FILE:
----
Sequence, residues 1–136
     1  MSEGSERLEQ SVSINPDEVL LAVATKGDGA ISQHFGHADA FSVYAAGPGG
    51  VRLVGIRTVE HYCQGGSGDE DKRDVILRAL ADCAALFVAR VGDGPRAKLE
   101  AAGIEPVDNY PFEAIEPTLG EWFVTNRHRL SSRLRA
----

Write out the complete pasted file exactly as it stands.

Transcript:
Sequence, residues 1–136
     1  MSEGSERLEQ SVSINPDEVL LAVATKGDGA ISQHFGHADA FSVYAAGPGG
    51  VRLVGIRTVE HYCQGGSGDE DKRDVILRAL ADCAALFVAR VGDGPRAKLE
   101  AAGIEPVDNY PFEAIEPTLG EWFVTNRHRL SSRLRA